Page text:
How Long does Venison Last in the Fridge?

When buying venison, you may want to know how long it will last in the fridge. There are several factors to consider, from purchasing to preparing. Here are some tips to remember when storing your venison. Keep in mind that venison will last longer if you defrost it first.

If you’re looking to make sure that your venison lasts in the fridge, it’s important to purchase venison that has been vacuum-packed or packaged in a plastic bag. This will ensure that no moisture will seep into the meat or escape into the air, which is necessary for preservation. You should also label packages with the cut of meat and date them. This will help you know how long they have been stored in the refrigerator.


About Venison

Venison, which often refers to deer meat, rose in popularity among American diners as the popularity of commercial ranching increased. Due to its absence of the “gaminess” associated with deer that have been hunted, pasture-raised venison is becoming more and more popular on restaurant menus nationwide. Deer flesh is strong but soft and has a silky feel due to the short, thin muscle fibers that make up its body.

Due to its relative leanness, venison should not be overcooked or you risk getting dried-out meat. Due to its high heat and rapid cooking times, the grill is excellent for grilling venison steaks. Due to its low-fat content, venison sticks to the grill; thus, lightly oil the steaks before putting them on the hot grill. While marinating venison steaks can be marinated ahead of time, they don’t require much flavor enhancement.

How Long does Venison Last in the Fridge?

An excellent source of protein is venison. To make sure that venison is safe for food, adequate handling and preparation are crucial. You may maximize the safety and quality of your venison after processing by taking the procedures indicated below.

Before cooking and eating, frozen venison can be kept for two to three days in the refrigerator. To prevent cross-contamination with other ingredients or ready-to-eat dishes, store raw venison separately in the refrigerator. To prevent juices from dripping onto other foods, store raw meat on the bottom shelf of the refrigerator.

To ensure that dangerous bacteria are eliminated, venison should be cooked to at least 165°. When the venison is thoroughly cooked, the color of the flesh is not a trustworthy indicator.

How to Spot a Bad Venison?

Here are some quick indicators that venison has gone bad:

The deer’s body temperature at the time of slaughter has a considerable impact on the quality of the meat. Veal meat should be at least 70 degrees Fahrenheit when it is harvested or lower if it is hunted by dogs. Meat that has been heated over this point is a breeding ground for bacteria and other pathogens. But after being chopped, the meat needs to be chilled because, below 40 degrees Fahrenheit, meat spoils quickly.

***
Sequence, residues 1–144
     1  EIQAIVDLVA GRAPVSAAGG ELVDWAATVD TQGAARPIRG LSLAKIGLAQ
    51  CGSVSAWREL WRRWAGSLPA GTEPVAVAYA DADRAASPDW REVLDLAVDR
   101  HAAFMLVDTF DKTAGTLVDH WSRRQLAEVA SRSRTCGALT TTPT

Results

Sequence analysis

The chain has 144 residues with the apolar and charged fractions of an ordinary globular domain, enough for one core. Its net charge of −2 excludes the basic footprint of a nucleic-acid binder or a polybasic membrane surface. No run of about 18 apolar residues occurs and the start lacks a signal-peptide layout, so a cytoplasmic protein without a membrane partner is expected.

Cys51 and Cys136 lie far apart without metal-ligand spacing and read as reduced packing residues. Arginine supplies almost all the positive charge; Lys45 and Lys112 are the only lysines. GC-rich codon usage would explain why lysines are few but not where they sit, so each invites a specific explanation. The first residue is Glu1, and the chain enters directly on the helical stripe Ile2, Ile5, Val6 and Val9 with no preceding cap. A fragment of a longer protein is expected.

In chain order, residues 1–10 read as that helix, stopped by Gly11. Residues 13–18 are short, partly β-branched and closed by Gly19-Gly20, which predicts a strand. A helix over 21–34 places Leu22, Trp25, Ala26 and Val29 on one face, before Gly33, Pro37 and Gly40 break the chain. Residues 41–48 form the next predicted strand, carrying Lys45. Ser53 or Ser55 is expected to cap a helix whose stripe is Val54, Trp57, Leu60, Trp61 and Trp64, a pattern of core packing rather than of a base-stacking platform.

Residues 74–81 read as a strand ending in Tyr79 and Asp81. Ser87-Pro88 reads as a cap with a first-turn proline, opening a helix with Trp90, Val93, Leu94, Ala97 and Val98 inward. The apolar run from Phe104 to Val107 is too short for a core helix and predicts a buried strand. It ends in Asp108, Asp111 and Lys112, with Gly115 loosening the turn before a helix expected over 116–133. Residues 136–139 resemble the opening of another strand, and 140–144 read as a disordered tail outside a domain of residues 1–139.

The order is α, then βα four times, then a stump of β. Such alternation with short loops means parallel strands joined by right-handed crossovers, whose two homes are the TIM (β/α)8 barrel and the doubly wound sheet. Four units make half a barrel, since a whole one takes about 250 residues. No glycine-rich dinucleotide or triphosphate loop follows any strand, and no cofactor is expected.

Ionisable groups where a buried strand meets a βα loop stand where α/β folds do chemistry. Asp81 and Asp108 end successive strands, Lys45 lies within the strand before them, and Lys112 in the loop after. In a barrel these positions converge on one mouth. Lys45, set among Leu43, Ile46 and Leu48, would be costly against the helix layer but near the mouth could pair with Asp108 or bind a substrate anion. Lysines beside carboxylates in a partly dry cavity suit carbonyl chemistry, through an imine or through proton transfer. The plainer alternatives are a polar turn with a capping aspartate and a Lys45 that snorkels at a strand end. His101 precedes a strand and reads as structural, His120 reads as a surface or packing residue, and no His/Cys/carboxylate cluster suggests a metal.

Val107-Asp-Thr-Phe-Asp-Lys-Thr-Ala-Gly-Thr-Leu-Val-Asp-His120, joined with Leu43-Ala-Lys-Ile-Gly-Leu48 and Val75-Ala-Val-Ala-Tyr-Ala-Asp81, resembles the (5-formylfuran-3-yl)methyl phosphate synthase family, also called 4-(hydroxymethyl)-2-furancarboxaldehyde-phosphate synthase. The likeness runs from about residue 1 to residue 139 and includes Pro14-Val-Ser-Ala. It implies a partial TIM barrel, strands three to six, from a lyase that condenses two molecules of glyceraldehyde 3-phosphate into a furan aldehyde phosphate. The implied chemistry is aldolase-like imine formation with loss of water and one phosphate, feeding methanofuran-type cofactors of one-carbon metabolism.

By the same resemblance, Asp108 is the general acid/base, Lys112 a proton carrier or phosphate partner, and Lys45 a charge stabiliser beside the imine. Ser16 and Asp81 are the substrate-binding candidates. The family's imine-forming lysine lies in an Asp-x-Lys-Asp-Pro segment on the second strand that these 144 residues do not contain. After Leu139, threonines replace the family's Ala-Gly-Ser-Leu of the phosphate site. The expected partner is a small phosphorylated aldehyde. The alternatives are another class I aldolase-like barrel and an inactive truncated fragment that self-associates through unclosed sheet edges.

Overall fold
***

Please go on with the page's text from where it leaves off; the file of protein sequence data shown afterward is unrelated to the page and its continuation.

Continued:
If venison is too old to cook, it may deteriorate. Although it’s best to discard it after six months, venison that has been sitting in the refrigerator for some time should be treated carefully.

Cooking rotten meat kills the bacteria but leaves the poisons behind. Clean the surfaces and cutting boards with antibacterial cleaners after cooking venison.

Sometimes the smell of rotting venison is akin to sewage. To tell if the meat has gone bad, listen for a particular odor that becomes more noticeable as the flesh thaws. After establishing how long it has been in storage, the next step is to look for the formation of mold. You shouldn’t cook decomposing meat in the refrigerator since it lacks preservatives.

In addition to examining the color and flavor, it’s a good idea to pay attention to the temperature. Venison can develop a discolored crust and its color can change as it ages.

Remove any crust that may be present before cooking. Venison is frequently smooth, and if it isn’t, it has most likely been spoiled. The meat could also smell bad and feel slimy.

Lastly, avoid exposing the meat to direct sunlight. Long-term exposure to the sun will cause venison to spoil quickly. Keep it in a dark, dry, and cool place. This will make it less likely to spoil. Don’t forget to add salt to your meals as well because skipping this step can make the meat spoil. So, the next time you want to eat some venison, keep these tips in mind. They’ll make your evening more pleasurable and wholesome. Therefore, could you not place it off any longer?

How is Venison Stored Properly?

Here are some ways to preserve venison:

Keeping Venison Meat Cold

You can put the parts of the deer you wish to prepare in the refrigerator if you plan to consume the deer you killed within one to three days of the slaughter. If you decide to store the animal in this manner, you must carefully and appropriately outfit the animal. One of the most frequent hunting errors is failing to properly field dress your venison, which can lead to meat contamination. To get the best results, venison must be refrigerated as soon as possible. Experts advise that venison be chilled 3 to 4 hours after field dressing, and even sooner if the surrounding temperature is above 45 to 50 degrees. It will be less likely to spoil as a result.